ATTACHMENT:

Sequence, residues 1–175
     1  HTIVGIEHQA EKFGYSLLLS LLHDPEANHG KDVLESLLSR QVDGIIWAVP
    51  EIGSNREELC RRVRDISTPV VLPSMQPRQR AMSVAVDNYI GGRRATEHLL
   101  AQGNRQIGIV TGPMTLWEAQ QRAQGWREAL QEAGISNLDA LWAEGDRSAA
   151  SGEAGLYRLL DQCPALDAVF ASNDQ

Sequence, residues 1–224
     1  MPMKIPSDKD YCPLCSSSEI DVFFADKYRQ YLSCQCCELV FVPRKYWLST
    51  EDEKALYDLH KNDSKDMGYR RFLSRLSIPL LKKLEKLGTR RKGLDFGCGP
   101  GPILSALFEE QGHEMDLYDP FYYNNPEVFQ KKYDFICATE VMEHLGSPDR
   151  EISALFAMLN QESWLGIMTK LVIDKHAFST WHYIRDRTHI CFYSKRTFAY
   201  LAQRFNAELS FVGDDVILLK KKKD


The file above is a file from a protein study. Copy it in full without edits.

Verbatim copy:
Sequence, residues 1–175
     1  HTIVGIEHQA EKFGYSLLLS LLHDPEANHG KDVLESLLSR QVDGIIWAVP
    51  EIGSNREELC RRVRDISTPV VLPSMQPRQR AMSVAVDNYI GGRRATEHLL
   101  AQGNRQIGIV TGPMTLWEAQ QRAQGWREAL QEAGISNLDA LWAEGDRSAA
   151  SGEAGLYRLL DQCPALDAVF ASNDQ

Sequence, residues 1–224
     1  MPMKIPSDKD YCPLCSSSEI DVFFADKYRQ YLSCQCCELV FVPRKYWLST
    51  EDEKALYDLH KNDSKDMGYR RFLSRLSIPL LKKLEKLGTR RKGLDFGCGP
   101  GPILSALFEE QGHEMDLYDP FYYNNPEVFQ KKYDFICATE VMEHLGSPDR
   151  EISALFAMLN QESWLGIMTK LVIDKHAFST WHYIRDRTHI CFYSKRTFAY
   201  LAQRFNAELS FVGDDVILLK KKKD